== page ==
What Is Light Therapy?
Essentially mimicking spending time in natural sunlight, light therapy involves sitting near a light therapy box that emits bright light but filters harmful ultraviolet (UV) rays. People normally partake first thing in the morning for at least 20 minutes or longer. They also usually feel improvement from symptoms within one or two weeks of treatment.
As of now, professionals indicate light therapy can be as effective as traditional antidepressant medication. However, it’s not appropriate for everyone including:
- Those intolerant of bright light
- Some people with bipolar disorder as it can induce mania
- People with diabetes who have retina damage
- Anyone with pre-existing eye diseases
Researchers continue to improve light therapy and are currently trying to create light boxes that stimulate dawn and sunrise. They also gradually increase in intensity from darkness to different luxes to simulate the different times of day.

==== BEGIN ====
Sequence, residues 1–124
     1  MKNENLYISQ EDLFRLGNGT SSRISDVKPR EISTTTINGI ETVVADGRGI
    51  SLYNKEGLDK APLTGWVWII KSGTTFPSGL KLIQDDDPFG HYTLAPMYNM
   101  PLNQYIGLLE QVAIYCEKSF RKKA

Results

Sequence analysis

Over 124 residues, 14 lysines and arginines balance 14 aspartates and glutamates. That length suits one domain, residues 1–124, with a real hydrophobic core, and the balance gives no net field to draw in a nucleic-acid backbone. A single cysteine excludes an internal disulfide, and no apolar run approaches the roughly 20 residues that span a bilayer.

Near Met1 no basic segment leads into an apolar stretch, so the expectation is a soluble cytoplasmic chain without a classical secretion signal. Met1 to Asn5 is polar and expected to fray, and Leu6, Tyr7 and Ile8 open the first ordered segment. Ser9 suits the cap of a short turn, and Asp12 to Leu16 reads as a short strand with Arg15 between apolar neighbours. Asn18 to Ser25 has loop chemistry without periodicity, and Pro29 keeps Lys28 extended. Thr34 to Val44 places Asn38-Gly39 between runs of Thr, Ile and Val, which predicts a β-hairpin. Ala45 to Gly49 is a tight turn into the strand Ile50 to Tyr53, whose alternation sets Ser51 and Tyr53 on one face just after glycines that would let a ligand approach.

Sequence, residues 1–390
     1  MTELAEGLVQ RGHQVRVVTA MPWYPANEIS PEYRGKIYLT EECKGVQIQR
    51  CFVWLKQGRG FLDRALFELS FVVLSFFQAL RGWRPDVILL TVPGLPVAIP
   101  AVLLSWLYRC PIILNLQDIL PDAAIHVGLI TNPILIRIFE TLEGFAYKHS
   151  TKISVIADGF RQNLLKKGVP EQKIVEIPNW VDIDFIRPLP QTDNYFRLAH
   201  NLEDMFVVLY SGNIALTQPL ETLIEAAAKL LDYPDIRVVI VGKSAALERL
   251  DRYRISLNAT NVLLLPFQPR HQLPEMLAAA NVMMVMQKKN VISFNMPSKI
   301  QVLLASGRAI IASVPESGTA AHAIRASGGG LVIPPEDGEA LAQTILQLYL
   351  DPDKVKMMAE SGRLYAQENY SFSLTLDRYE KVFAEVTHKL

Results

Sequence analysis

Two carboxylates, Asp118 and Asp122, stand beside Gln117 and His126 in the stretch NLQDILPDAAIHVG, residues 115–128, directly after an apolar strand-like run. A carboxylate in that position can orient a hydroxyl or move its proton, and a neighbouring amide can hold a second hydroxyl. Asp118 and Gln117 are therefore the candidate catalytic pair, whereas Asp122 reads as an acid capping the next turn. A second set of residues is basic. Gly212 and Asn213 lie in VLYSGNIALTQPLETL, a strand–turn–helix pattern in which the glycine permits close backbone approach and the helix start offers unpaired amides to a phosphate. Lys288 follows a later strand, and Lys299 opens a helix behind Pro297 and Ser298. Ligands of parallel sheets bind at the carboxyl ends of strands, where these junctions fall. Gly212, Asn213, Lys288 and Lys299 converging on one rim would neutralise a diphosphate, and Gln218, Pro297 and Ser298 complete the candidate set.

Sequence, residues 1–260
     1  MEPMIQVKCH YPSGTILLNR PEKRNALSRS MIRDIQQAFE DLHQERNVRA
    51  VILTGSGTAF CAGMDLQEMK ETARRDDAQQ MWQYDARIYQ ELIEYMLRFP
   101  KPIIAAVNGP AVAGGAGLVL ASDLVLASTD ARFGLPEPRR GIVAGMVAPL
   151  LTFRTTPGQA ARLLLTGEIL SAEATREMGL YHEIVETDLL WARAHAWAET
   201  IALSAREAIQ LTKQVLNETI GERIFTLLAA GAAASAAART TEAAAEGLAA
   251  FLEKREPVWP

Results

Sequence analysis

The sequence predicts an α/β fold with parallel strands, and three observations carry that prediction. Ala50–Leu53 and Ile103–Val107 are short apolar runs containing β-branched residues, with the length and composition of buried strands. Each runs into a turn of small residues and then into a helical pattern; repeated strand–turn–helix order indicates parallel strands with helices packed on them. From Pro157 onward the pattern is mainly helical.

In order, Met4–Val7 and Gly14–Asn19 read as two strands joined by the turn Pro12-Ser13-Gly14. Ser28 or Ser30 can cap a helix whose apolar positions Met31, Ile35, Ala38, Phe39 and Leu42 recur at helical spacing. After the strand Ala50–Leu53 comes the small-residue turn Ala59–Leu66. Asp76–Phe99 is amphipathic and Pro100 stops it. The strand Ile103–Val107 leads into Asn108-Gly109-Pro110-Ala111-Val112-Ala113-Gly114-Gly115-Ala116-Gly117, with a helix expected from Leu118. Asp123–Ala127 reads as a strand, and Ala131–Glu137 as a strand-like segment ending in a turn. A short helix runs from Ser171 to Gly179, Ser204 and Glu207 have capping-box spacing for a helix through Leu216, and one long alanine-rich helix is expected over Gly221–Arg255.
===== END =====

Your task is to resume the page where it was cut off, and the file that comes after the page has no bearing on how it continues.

In addition, they are experimenting with using lower intensity blue light because it elicits a more powerful effect on the retina than white light.
What Are SAD Lamps?
SAD lamps are simply the light therapy boxes discussed above. They replicate natural daylight to provide relief and reduce symptoms of seasonal affective disorder.
There are many different versions with different settings and intensities, and therefore effectiveness.
Features to look for when choosing a suitable lamp include:
- Surface area: larger areas produce larger lux and require less time to use
- Price: often ranges from $40 to hundreds of dollars